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object-oriented programming  RSS feed

 
Greenhorn
Posts: 24
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My professor wants me to force the value of d1 (dice 1) to the value of d2 (dice 2) and the only way I can think to do it is skip all the dice ling and just println it. I guess I don't understand how to compare the 2 items and make FORCE them to equal each other. He also says, "Remember cascading (you can code a call anywhere the returned data type makes sense)" If I can only fix this by using one line of code how can I cascade? Please help.

public class Lab17A {
public static void main(String[] args) {
Dice d1 = new Dice();
Dice d2 = new Dice();
System.out.println("Start: " + d1.getValue() + ", " + d2.getValue());
do {
d1.roll();
d2.roll();

// YOUR STATEMENT GOES HERE

System.out.println("Rolled: " + d1.getValue() + ", " + d2.getValue());
} while(d1.getValue() != d2.getValue());
System.out.println("Game over");
}
}
class Dice {
private int sides;
private int value;
public Dice() {
setSides(6);
roll();
}
public void setSides(int n) {
if (n >= 2)
sides = n;
else
sides = 6;
}
public void setValue(int n) {
if (n > 0 && n <= sides)
value = n;
}
public int getSides() {
return sides;
}
public int getValue() {
return value;
}
public void roll() {
value = (((int)(Math.random() * 1000)) % sides) + 1;
}
}
 
Ranch Hand
Posts: 518
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Change your terminology from "force" to "set" and the solution may be clearer.

You have two Dice objects: d1 and d2.

The Dice objects have a Value stored inside of them.

Each of these Dice objects has a method to "getValue" and "setValue".

In order to make d1's value equal to d2's value, you need to "get" the Value from d2 and "set" it in d1.

By properly combining the method calls you should be able to do this in one line of code. (I assume that what the professor means by cascading.)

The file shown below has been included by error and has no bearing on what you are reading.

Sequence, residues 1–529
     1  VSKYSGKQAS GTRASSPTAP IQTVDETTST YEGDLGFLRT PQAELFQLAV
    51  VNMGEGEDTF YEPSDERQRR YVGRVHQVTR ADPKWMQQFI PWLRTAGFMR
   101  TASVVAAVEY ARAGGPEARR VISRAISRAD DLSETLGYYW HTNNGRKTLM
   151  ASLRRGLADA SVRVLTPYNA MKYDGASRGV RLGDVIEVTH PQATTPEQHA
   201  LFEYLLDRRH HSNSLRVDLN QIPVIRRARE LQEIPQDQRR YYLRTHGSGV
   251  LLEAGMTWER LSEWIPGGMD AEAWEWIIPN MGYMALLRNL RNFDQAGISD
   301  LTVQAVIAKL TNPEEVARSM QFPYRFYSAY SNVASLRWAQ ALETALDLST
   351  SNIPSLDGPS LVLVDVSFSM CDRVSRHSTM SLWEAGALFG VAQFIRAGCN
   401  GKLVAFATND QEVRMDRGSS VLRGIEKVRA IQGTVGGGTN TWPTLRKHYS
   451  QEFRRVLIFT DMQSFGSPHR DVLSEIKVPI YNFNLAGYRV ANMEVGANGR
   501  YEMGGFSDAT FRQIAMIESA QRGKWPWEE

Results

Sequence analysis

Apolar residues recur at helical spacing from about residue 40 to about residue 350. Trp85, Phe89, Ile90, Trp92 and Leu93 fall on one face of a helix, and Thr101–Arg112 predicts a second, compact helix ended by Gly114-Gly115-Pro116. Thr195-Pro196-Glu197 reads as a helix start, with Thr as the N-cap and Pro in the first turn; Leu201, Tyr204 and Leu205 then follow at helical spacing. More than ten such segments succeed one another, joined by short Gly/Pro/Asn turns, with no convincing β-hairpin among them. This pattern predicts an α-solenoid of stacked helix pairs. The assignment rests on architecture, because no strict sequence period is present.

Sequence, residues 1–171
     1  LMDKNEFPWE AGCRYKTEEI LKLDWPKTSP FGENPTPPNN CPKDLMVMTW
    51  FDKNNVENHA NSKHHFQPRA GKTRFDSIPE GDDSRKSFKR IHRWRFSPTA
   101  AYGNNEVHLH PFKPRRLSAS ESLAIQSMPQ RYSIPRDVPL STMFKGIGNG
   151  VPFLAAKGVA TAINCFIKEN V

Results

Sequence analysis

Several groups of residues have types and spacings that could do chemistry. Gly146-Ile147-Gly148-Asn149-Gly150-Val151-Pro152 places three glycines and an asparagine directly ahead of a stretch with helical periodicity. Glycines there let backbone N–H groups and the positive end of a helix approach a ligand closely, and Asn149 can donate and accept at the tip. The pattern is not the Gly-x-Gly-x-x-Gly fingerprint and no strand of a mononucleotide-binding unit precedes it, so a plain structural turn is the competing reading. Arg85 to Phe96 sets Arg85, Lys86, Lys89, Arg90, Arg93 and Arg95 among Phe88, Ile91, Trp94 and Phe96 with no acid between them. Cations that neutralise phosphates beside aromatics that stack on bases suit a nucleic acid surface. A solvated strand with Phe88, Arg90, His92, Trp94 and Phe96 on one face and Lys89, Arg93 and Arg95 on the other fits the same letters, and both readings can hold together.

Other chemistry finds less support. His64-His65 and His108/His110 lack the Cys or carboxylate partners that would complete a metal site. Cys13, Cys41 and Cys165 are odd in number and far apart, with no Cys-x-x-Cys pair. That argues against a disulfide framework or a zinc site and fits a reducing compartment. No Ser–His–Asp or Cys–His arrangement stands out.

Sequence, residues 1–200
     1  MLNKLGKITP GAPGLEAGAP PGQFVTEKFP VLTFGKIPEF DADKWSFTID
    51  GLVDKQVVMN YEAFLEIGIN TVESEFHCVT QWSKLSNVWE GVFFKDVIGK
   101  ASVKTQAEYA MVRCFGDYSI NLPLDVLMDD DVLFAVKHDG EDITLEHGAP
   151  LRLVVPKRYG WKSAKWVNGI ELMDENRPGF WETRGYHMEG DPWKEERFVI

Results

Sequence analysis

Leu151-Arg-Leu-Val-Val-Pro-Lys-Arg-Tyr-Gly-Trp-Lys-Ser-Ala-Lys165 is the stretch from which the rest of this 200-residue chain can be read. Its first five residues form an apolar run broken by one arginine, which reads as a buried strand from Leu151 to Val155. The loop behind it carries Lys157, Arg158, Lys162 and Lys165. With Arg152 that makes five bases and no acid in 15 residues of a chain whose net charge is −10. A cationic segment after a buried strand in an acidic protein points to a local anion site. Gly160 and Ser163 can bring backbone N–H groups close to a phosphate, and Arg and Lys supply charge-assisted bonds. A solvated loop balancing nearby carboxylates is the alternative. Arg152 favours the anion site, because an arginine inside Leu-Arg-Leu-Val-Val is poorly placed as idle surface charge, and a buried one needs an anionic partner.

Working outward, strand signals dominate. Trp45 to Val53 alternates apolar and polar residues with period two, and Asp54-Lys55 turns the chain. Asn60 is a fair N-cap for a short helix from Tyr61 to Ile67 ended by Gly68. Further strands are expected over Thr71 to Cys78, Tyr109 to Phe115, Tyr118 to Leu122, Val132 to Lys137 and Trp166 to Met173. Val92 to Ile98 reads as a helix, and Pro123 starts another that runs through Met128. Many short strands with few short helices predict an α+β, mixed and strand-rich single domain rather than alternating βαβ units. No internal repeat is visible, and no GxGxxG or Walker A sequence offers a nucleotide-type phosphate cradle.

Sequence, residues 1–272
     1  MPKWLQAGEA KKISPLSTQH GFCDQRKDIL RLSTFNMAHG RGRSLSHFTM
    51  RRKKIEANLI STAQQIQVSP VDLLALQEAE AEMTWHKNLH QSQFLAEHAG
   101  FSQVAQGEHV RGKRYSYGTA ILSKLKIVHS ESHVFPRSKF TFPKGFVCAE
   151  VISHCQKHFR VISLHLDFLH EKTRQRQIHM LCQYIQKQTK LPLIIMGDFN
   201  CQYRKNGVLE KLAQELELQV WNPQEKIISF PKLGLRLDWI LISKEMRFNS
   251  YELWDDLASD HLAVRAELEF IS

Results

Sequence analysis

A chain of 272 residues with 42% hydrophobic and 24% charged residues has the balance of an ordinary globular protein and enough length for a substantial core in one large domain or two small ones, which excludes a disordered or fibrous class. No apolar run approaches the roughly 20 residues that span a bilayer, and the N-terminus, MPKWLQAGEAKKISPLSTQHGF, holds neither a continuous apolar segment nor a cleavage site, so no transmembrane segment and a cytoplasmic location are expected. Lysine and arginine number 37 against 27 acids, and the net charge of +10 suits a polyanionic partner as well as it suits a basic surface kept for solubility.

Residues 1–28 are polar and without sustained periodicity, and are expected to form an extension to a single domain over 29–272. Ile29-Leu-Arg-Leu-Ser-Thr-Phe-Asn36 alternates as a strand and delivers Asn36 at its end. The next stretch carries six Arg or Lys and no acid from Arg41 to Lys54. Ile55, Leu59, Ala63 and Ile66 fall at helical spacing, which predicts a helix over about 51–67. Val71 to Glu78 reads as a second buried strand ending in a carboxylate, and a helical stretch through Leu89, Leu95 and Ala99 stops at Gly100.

[ October 21, 2005: Message edited by: Scott Johnson ]
 
Ryan Newcombe
Greenhorn
Posts: 24
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Thanks for your help Scott. I try to make them equal....It doesn't work. Am I heading in the right direction?


public class Lab17A {
public static void main(String[] args) {
Dice d1 = new Dice();
Dice d2 = new Dice();
System.out.println("Start: " + d1.getValue() + ", " + d2.getValue());
do {
d1.roll();
d2.roll();

d2.getValue() = d1.setValue();

System.out.println("Rolled: " + d1.getValue() + ", " + d2.getValue());
} while(d1.getValue() != d2.getValue());
System.out.println("Game over");
}
}
class Dice {
private int sides;
private int value;
public Dice() {
setSides(6);
roll();
}
public void setSides(int n) {
if (n >= 2)
sides = n;
else
sides = 6;
}
public void setValue(int n) {
if (n > 0 && n <= sides)
value = n;
}
public int getSides() {
return sides;
}
public int getValue() {
return value;
}
public void roll() {
value = (((int)(Math.random() * 1000)) % sides) + 1;
}
}
 
Ryan Newcombe
Greenhorn
Posts: 24
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I got it!!!
Thanks for the rationalization.
-Ryan
 
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